Derry City director Denis Bradley has urged the football-loving public to get off the arm chairs and high stools and into the new 3,700 capacity Brandywell when it opens next spring in order to help the club scale the summit of Irish football for the first time in over two decades.
“People talk to me about the experience of going to football matches. I think people are looking to get outside of the television world of football.
“I think that they are looking for the intimacy and the cameraderie that you get at a football match, live football, that you don’t get anywhere else. You don’t get it in a pub.
“The truth of the matter is that Derry City has created a standard of very, very good football and I think that people who don’t attend the Brandywell don’t fully appreciate that,” said Mr. Bradley.
He issued the call after confirmation came through this week that the new stadium is on track for completion by the end of what’s been a draining year for the club in logistical, and, more importantly, in human terms.
Ultimately 2018 will be remembered by supporters for one reason and one reason alone.
“It’s been a very difficult year. We started so well and then Ryan McBride died and I think we went into a period of grief, shock and so forth, and never fully recovered,” acknowledged Mr. Bradley.
Football doesn’t count when set against the McBride family’s suffering, yet the practical difficulties the club faced in decamping 12 miles to Buncrana this season were real nonetheless.
News that a new 955 seater stand, bringing ground capacity up to 3,700, will be complete before Christmas, comes as a welcome boost as Kenny Shiels’ men aim to end 2017 on a high.
Mr. Bradley, neatly enough an ex-clergyman and Buncrana-native himself, believes Derry’s short tenancy in a ground named after a former coadjutor bishop of Derry, Edward Maginn, who left legacy in Inishowen, actually reinvigorated the support for the Candystripes that’s always existed on the peninsula.
“Maginn [Park] was very good for us in other ways,” explained Mr. Bradley.
“I think it resurrected the memory of Derry City football in Inishowen. I think a lot of those people will continue to come but the truth is we are moving on and I think that’s good.”
There’s no home like home, as they say, and the imminent return to a new Brandywell complex in which the dog track and football ground are now mercifully separated, offers an opportunity to grow the genuine football culture that has always existed in the city. The fact supporters will be right on top of the players when the ground opens will also help re-establish the famous ‘Fortress Brandywell’ in 2018.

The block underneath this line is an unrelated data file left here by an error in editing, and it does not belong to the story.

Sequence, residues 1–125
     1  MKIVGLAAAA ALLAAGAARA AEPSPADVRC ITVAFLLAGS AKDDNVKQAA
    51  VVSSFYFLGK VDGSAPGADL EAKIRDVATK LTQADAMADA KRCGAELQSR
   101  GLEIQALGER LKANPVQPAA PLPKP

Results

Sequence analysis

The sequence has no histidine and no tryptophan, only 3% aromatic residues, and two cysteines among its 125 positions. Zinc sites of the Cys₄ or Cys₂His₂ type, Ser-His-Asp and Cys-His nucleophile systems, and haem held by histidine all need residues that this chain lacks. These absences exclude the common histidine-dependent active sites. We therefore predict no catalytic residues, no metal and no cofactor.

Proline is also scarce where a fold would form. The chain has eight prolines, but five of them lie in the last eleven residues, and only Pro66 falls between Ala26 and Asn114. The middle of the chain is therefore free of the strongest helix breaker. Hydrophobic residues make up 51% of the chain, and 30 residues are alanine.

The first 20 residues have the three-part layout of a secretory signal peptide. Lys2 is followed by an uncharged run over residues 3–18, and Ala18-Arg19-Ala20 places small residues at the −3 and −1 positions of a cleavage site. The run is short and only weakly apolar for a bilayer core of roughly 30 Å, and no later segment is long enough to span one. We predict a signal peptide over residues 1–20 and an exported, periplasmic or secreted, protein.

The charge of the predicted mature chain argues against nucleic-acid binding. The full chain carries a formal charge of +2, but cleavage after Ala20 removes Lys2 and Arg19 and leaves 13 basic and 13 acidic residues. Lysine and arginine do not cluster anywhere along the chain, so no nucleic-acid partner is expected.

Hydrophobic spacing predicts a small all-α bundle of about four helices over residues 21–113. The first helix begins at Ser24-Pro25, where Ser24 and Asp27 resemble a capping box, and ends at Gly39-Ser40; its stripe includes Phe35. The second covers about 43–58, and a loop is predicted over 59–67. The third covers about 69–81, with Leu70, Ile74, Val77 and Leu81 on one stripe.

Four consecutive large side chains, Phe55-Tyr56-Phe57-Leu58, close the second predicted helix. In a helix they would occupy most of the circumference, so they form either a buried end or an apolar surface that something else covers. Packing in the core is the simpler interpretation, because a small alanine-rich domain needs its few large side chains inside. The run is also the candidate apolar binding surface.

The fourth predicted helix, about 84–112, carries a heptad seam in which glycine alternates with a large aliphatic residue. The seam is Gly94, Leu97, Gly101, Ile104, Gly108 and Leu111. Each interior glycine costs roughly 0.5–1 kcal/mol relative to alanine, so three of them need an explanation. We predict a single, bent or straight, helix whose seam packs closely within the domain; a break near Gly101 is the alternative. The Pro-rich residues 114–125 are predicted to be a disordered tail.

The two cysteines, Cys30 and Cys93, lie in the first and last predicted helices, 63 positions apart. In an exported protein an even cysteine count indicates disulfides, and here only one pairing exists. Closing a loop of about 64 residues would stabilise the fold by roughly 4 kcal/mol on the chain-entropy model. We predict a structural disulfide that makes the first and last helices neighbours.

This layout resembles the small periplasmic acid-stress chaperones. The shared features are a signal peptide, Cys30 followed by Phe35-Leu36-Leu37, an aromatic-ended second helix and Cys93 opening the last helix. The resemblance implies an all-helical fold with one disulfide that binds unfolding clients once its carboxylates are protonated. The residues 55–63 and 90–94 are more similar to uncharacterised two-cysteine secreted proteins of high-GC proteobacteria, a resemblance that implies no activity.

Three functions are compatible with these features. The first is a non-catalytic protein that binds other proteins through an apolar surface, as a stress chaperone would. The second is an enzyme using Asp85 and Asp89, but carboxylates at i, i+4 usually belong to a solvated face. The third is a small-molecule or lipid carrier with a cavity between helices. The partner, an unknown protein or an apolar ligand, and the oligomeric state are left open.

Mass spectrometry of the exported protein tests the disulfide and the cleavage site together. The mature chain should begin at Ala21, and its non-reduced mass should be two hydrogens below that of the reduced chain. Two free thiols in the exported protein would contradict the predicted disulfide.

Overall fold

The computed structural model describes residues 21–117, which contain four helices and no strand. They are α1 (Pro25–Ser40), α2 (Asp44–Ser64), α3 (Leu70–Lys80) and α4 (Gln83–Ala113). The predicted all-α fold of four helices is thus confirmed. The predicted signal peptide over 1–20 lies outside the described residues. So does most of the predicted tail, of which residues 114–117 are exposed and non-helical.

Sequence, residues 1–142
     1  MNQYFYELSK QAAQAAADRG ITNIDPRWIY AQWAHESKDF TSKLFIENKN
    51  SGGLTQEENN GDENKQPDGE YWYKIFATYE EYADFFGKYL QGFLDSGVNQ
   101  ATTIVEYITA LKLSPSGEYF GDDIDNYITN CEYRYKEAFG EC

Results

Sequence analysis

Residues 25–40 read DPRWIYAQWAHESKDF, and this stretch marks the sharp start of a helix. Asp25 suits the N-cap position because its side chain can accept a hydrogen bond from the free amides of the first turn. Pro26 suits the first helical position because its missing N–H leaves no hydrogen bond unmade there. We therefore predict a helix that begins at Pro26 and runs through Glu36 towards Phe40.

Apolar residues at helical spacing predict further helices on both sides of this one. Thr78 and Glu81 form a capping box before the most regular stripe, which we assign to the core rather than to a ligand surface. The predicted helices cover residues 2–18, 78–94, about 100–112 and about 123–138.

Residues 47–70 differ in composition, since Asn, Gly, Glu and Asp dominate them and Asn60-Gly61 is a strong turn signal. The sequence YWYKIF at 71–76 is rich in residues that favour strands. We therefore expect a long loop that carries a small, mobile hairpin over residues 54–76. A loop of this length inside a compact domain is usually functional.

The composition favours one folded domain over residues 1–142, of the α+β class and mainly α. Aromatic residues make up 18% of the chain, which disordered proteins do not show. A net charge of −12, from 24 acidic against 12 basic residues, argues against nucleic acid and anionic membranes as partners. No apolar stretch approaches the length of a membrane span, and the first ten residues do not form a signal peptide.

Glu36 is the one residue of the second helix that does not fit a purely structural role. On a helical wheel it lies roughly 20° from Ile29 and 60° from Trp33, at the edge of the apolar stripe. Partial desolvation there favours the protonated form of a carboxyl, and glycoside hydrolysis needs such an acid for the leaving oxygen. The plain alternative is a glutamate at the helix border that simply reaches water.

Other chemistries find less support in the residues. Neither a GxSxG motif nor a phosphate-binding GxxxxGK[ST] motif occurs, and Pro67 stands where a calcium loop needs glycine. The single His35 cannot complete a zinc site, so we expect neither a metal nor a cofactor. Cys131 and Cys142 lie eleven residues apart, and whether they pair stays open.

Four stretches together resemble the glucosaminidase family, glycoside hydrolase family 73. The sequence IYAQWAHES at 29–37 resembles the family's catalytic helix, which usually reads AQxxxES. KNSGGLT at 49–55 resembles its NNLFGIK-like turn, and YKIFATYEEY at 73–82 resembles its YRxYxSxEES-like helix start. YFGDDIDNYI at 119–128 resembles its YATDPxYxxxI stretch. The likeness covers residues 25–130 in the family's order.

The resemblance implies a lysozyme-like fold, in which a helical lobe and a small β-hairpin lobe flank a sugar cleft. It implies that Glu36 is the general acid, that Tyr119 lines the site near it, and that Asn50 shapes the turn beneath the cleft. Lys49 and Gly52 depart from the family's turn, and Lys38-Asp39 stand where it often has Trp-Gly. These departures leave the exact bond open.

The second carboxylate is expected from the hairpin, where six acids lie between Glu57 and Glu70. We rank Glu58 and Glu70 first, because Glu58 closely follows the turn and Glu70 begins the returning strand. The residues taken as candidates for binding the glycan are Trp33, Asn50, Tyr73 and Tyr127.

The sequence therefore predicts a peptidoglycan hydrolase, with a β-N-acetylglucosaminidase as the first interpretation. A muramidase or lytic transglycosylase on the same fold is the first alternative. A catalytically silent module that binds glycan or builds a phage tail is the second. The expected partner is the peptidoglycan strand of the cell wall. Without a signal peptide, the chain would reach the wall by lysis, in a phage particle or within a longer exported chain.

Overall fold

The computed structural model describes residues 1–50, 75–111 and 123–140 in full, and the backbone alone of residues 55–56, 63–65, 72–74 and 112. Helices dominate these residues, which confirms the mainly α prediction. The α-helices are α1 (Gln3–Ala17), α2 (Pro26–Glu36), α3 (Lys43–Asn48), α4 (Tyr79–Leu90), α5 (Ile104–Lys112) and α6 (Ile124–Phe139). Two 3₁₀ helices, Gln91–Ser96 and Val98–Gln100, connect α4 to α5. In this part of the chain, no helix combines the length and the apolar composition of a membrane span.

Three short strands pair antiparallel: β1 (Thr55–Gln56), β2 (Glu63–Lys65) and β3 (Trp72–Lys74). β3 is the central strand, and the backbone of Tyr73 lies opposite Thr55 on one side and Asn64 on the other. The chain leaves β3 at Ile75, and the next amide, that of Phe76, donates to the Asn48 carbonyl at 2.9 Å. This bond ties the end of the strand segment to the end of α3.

“I don’t like football pitches that are too far away from the actual spectators. We used to complain that the doggy track got in the way a little bit. This is really...you’re in the face of the players, and they’re in the face of the crowd that will be hopefully surrounding them, so it’s going to be really exciting.”
Mr. Bradley insists, however, that packing the ground isn’t just an aspiration. Realistically, it’s an absolute necessity that will help ensure the club’s long-term survival.
“We want big gates. We need big gates. The truth of the matter is that this club is not self-sustaining unless we get big gates. If we are going to play in the Premier Division,” he said.
Mr. Bradley pointed to how the city punched well-above its weight in football terms. Two Derry men’s match-winning performances on Monday were cases in point, building on a European Championship last year, when, with the exception of Reykjavík, Derry and Donegal were perhaps the largest per capita supplier of football talent to the tournament in the whole of Europe.
“James McClean and young [Shane] Duffy this week playing for Ireland is the perfect example of the opportunities that exist if young people around this city want to put in the effort but it’s not just about that it’s also about the enjoyment and about the greatness of sport in that sense of having friends and having a purpose,” he said.
If the club can get this message across it’s onwards and upwards and anything’s achievable when you consider the now dominant Cork City and Dundalk were both plying their trades in the First Division less than a decade ago.
“This year we had to settle down and talk about bringing young players and local players through. We’re now beginning to talk about trying to win the league, to being one of the premier clubs on this island, and I think that becomes important for the future and that will bring the crowds too, as well as the new stadium.”